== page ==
Date: Sun, 9 May 2004 21:45:38 EDT
Sender: Georgia Birders Online <GABO-L@LISTSERV.UGA.EDU>
From: Virginia Wood <Pshrink@AOL.COM>
Subject: Piedmont National Wildlife Refuge, 5/9/04
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I thought about setting out at 2:30 a.m. from my home in Marietta in order to
get night birds, being inspired by Tim Keyes's schedule for Pine Log this
morning, and be in place for the Dawn Chorus, but I really lack the fortitude. I
left at 5:30 a.m.instead, when the Dawn Chorus was already beginning at my
house! Besides allowing me six hours' sleep, this had the added benefit of my
being able to cross the Chattahoochee River at I-75 just as the sun was coming up
over the bluffs. Wow.
It was 8 when I got to Piedmont National Wildlife Refuge, so I couldn't visit
the Visitor's Center for directions to the active Red-Cockaded Woodpecker
clusters unless I wanted to hang around for an hour. However, I did have my
handy-dandy map from last year, marked by the ranger at that time, so set out to
check various clusters and hope for the best. I turned in across Round Oak -
Juliette Road from the Little Rock Wildlife Drive and made the loop that runs
around behind Allison Lake to the back side of the Red-cockaded Woodpecker
(walking) Trail. Pretty much followed the directions in Birding Georgia, pp.
100-102). He explains it a heckuva lot better than I do.
Of the clusters I checked, that was the only one that was active today, and
there was only one nest with nestlings -- it is a natural cavity next to the
road near where the benches are, so close to the road you don't even need a
scope to watch the comings and goings. And it's so quiet up there that you can
hear the babies fussing even from the good distance down the road where I took
care to park.
It was a beautiful day, the storms having held off until I got home, and
there were birds everywhere (except pond 2A, where there were only two American
Crows and two Tree Swallows).
At the Pond 2A cluster, there was an amazing flurry of woodpecker activity of
various sorts -- Red-Bellied Woodpeckers, Downy Woodpeckers (who seemed to be
having either sex or some sort of disagreement -- difficult to tell), and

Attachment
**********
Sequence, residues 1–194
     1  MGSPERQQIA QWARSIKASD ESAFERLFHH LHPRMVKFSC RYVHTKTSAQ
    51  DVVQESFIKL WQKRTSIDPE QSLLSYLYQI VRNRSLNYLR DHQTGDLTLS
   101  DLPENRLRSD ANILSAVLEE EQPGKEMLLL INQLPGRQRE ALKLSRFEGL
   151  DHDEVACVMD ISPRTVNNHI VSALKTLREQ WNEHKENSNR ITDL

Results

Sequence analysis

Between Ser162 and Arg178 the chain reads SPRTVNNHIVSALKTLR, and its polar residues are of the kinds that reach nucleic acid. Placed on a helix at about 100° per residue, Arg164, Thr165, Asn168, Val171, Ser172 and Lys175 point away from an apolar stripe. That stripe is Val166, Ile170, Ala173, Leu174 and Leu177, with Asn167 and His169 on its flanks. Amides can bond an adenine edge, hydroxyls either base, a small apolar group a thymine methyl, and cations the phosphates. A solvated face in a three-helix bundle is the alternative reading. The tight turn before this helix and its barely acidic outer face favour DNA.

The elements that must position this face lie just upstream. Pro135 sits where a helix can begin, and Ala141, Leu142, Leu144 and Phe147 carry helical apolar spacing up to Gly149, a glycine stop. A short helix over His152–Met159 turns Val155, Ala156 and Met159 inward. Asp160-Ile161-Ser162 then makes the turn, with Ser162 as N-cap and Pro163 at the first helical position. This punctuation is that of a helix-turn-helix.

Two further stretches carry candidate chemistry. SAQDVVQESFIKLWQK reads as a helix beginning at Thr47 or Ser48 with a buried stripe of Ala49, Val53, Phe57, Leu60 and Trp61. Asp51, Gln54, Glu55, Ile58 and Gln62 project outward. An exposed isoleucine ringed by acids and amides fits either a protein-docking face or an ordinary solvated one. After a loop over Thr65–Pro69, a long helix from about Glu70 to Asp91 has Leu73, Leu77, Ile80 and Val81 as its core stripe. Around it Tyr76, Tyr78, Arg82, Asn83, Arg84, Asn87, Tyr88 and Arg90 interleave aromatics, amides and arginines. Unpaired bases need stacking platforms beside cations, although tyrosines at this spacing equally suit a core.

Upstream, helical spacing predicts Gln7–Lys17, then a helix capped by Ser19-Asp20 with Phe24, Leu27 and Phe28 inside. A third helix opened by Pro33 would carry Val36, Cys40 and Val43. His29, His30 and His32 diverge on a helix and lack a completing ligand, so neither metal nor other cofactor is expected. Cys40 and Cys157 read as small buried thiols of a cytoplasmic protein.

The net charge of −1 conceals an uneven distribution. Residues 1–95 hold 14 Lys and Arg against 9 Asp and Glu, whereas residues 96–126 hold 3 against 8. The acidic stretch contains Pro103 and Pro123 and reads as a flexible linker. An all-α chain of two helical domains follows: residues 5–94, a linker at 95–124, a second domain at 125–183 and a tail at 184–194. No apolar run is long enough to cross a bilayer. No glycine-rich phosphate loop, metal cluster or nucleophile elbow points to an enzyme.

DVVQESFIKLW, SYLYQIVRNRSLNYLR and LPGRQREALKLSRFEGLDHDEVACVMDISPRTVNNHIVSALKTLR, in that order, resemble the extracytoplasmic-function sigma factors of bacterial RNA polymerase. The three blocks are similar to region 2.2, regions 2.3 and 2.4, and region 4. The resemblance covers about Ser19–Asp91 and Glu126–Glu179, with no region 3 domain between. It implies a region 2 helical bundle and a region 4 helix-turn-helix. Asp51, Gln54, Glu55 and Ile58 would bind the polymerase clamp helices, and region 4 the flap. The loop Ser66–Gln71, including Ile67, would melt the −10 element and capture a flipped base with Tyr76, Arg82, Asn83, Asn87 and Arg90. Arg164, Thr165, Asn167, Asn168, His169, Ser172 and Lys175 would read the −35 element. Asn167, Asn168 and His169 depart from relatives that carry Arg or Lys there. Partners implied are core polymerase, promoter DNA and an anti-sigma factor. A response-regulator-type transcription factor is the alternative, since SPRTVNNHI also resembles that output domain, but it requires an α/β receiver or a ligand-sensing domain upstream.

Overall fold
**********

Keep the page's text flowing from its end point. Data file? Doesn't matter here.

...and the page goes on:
Red-cockaded Woodpeckers. Maybe that cluster will have nesting activity soon.
39 species seen:
GREAT BLUE HERON
BLACK VULTURE (52 of them at the Ocmulgee in Juliette)
WILD TURKEY (actually at Rum Creek)
MOURNING DOVE heard only
RED-HEADED WOODPECKER (heard)
RED-BELLIED WOODPECKER near the RCWO cluster closest to Pond 2A
DOWNY WOODPECKER ditto
RED-COCKADED WOODPECKER -- lifer!! Been trying for this one for three years.
GREAT CRESTED FLYCATCHER
BARN SWALLOW (at the Ocmulgee crossing in Juliette)
NORTHERN MOCKINGBIRD (actually on the road to Juliette, not in the NWR)
EASTERN BLUEBIRD (just outside the boundary on Barron Russell Rd)
AMERICAN ROBIN (also really on the paved road)
BROWN-HEADED NUTHATCH, in family groups all over the NWR
BLUE JAY -- one, heard only
AMERICAN CROW -- two, amusingly, sharing a snack that looked suspiciously
like a fisherman's sandwich. They were perched in the top of a tree across the
dike from Pond 2A, chatting amiably as they ate, each with one foot on the meal.
LOUISIANA WATERTHRUSH-- lifer!!
SUMMER TANAGER pairs everywhere, including one female in a burned-out area
stealing meals from spider webs at the bases of trees. One tasty morsel she
copped was nearly as big as she was, and I watched her wrestle it to the ground in
order to render it edible...
CHIPPING SPARROW, some feeding young
one lone INDIGO BUNTING, male
AMERICAN GOLDFINCH, male, carrying thistle down for nesting material
Bachman's or Field Sparrows, Hooded or Kentucky Warblers, Acadian
Flycatchers, Red-eyed or Blue-headed Vireos, Cuckoos of any sort, Cliff Swallows, Orchard
Orioles, or Anne Stewart's eyepiece.
Marietta, Cobb County, Georgia
DL 20 F2
In the field: 404-414-8086
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